The USS Laffey (DD-724) may be moored in the shadow of the USS Yorktown at Patriot’s Point in Charleston, SC, but she isn’t overshadowed by the larger aircraft carrier. She stands large as a symbol of courage and determination through the actions she saw in World War II. The USS Laffey was commissioned in February 1944 and like the USS Yorktown, was named after a previous holder of the name Laffey, the USS Laffey (DD-459), which was sunk during the Battle of Guadalcanal in November 1942. She saw service in both the European and Pacific Theaters of World War II, participating in the D-Day invasion of France in June 1944 and the Battle of Okinawa in April 1945. Following World War II, she was decommissioned in June 1947. In January 1951, she was recommissioned for action during the Korean War and continued to serve during the Cold War era until she was again decommissioned in March 1975. In 1981 she was transferred to Patriot’s Point and remains there today as a museum ship.
The USS Laffey and her crew cemented their reputation during the Battle of Okinawa in April 1945. On 16 April, she was assigned to radar picket duty to help protect the fleet from Japanese air attacks. On 17 April, the Japanese attacked with approximately 50 aircraft; 22 of them attacked the Laffey. Her crew shot down 9 aircraft but they and fighters from the fleet’s carriers couldn’t stop them all. The Laffey was struck by strafing fire, four bombs, and six kamikaze aircraft. The ship’s after 5″ gun turret was destroyed along with several other 20mm and 40 mm gun mounts and the ship was on fire in multiple places. Of her 336 man crew, 32 men were killed and 71 were wounded. The survivors put forth an extraordinary damage control effort and saved the ship. She was towed back to the United States and by October, she was back with fleet in Hawaii.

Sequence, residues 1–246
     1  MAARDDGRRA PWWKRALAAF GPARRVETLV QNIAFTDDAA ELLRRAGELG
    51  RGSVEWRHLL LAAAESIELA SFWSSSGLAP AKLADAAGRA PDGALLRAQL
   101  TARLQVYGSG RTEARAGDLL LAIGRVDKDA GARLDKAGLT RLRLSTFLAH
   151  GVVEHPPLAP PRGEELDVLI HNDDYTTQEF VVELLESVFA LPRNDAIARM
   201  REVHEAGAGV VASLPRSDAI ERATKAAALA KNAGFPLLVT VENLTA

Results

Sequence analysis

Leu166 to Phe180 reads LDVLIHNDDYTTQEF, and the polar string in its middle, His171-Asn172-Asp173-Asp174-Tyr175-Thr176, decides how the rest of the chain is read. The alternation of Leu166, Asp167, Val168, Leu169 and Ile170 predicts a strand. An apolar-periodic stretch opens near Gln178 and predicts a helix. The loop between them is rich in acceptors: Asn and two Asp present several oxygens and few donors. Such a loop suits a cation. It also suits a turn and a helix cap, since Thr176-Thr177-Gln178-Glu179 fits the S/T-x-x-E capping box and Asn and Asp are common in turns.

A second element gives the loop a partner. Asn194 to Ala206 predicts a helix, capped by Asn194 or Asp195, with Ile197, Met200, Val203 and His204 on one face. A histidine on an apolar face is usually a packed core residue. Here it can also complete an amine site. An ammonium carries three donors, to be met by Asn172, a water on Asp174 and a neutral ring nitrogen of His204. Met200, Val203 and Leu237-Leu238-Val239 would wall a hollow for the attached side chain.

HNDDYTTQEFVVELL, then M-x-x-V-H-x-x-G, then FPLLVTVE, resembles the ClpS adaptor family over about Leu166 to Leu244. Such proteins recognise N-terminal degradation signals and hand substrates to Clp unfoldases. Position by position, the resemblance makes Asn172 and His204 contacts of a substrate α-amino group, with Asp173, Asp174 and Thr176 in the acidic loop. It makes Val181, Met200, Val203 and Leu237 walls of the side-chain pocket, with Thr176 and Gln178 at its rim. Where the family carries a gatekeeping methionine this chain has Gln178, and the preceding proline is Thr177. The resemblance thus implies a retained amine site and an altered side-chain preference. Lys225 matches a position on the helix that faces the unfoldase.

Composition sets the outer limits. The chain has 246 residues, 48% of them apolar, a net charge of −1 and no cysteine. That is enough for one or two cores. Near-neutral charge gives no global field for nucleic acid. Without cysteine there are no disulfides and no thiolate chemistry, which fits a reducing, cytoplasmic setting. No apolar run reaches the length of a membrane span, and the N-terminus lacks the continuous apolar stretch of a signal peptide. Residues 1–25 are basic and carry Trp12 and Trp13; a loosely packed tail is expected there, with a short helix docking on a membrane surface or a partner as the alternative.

The Laffey was decommissioned in 1947 but recommissioned in 1951 for the Korean War. During the Korean war, she participated in carrier screening and blockade duties. After the Korean War, she saw service in the Mediterranean during the Suez Crisis. Until she was decommissioned in 1975, the Laffey continued to operate in the Atlantic, Caribbean, and the Mediterranean. A new exhibit in the Laffey’s Combat Information Center (CIC) demonstrates part of what the Laffey did during the Cold War. Through holograms and audio through some of the CIC’s equipment, it takes visitors through an encounter with a Russian submarine as the Laffey screens an aircraft carrier.
Also on display in the USS Laffey is a QH-50 Dash (Drone Anti Submarine Helicopter). A ship like the Laffey was too small to accommodate a full size helicopter, so they would be equipped with QH-50s, which could carry a torpedo or depth charge to extended the ship’s weapons range against submarines. The photos below show the Laffey’s helicopter deck and hangar and a QH-50 inside the hangar (the Laffey could carry two).